If A Tree Falls On A Distant Planet…Does It Make A Sound?

Are there any unobserved events in the universe, let alone on Earth, or an actual universe at all?

We have all heard the question about an unobserved tree falling in the woods, and whether or not it makes a sound. Naive realists have set up camp firmly in the “of course it does” territory, while those with imaginations, curiosity and genuine skepticism are not quite so sure.

And yet there is a problem with this question that goes unacknowledged. Are only human ears a determining factor? What about the thousands of creatures in the woods? The rabbits, deer, squirrels, birds, insects? Do they not have valid perceptions? And what of the trees themselves? Do they not have some self-awareness and ability to perceive events within their environment? Even materialist science is starting to highly question that notion.

So a better question might be – Can a phenomena occur without an observer?

And also – Is there anywhere there is not an observer?

If even the most simple single and multi-cellular entities have some rudimentary awareness of their self and their environment, then we have observed observers in even the most unthinkable places on Earth.

This line of thinking appeals to me because there is one question which philosophical Idealism has been unsatisfying in answering, which is whether or not there could be aliens from outer space, or even an outer space at all.

From an Idealist perspective, it is possible that the entire universe is just an infinite canvas from which the minds which share our Earth experience may expand, which is to say that it doesn’t really exist in the hard and absolute way that naive realists believe, but is being constructed through interactive processes of observation. From this angle it becomes hard to imagine any alien beings, as they would have to emerge merely from the Earth experience consciousness, and not literally come from a literal out there.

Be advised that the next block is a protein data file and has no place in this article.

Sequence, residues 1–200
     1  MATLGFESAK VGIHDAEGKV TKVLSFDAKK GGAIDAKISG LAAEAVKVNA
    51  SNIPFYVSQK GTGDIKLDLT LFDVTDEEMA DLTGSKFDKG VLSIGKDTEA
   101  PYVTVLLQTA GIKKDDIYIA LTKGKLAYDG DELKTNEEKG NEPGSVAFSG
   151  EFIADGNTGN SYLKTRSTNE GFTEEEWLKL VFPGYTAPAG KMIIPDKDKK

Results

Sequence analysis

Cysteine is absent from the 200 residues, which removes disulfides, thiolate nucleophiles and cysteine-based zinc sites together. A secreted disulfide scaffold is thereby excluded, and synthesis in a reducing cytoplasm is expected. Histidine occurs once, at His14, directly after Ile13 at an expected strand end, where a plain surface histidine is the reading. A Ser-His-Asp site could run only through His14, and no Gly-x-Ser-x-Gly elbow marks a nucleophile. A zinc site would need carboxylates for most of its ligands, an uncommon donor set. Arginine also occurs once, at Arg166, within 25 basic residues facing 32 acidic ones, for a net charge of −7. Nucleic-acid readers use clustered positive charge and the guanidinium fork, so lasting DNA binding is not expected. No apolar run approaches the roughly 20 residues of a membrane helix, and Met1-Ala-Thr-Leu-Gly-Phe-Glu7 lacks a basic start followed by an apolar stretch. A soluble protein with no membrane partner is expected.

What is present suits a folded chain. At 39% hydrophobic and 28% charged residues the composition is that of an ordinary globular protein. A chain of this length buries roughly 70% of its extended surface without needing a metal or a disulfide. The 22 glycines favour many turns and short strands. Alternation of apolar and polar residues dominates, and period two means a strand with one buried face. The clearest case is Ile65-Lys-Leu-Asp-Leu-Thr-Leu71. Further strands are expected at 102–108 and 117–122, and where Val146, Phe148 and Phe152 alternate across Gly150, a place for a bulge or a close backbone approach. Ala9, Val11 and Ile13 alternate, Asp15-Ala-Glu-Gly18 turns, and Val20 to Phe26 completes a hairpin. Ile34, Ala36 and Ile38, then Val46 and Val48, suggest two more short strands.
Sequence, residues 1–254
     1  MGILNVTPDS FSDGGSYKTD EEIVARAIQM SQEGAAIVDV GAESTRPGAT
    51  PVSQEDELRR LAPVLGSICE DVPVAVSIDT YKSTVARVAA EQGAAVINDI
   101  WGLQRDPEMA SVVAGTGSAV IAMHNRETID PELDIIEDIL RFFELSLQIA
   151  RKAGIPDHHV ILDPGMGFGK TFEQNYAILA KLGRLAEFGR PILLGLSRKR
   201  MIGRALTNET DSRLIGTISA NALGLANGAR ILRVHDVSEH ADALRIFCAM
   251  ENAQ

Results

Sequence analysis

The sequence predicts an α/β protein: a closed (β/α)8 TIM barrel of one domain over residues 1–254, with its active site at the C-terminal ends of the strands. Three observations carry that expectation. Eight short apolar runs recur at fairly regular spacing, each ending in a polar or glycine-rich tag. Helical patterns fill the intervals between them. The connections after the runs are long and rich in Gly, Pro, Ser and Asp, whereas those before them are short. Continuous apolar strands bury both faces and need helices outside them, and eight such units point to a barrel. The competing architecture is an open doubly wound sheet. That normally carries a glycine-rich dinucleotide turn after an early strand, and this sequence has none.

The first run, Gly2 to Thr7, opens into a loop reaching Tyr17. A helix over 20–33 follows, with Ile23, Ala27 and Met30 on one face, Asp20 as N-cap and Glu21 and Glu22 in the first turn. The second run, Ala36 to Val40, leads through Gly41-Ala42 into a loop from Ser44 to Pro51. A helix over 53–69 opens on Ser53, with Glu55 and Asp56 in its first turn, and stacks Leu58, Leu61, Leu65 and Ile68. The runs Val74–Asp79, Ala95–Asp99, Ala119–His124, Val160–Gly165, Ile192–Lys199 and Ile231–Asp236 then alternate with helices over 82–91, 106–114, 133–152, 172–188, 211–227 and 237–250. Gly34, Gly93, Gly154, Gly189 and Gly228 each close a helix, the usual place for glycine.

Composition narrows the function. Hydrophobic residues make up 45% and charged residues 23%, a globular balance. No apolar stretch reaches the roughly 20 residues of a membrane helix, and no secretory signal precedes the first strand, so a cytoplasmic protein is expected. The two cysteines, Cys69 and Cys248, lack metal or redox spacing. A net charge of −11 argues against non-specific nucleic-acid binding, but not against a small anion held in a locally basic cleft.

However if the entire universe is just teeming with minds, little placeholders, then the experience of a universe could extend far beyond human minds and consciousness. It could, in fact, suggest a new kind of realism in which things exists as they are beyond human minds, but not beyond minds in general, since minds occupy the entire universe in much the same way they do a forest of allegedly falling trees.

The deepest philosophical questions, like the hard problem of consciousness and the split between dualism and monism or materialism and idealism, are all asked in a highly anthropocentric context. Because we do not recognize the possibility of non-human minds being as potent, effective or complex as our own – we ignore the deepest questions in a way that recognizes those other minds as also being valid considerations.

Perhaps this consensual illusion that we think of as reality is only minutely affected by human minds. This symphony of existence may have tones, frequencies and layers that we cannot even hear. Perhaps our perceived environmental crises is a manifestation of our current discordant contributions to that symphony, bad notes being struck by our failure to recognize the complex mental entities stretching infinitely through forests and the universe alike.

In other words, maybe humans are just way too into ourselves. Not that there is anything wrong with self-love, but love also comes from the ability to accept and recognize the other, and love that sees only itself cannot be long sustained. In light of that, are our tendencies towards cynicism, despair and nihilism really that out of place? And if they fall where there is no one there to hear them – can you dance to it?

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4 thoughts on “If A Tree Falls On A Distant Planet…Does It Make A Sound?

    1. There is no way to verify that it does, therefore there is no reason to work from an a priori assumption that it does.

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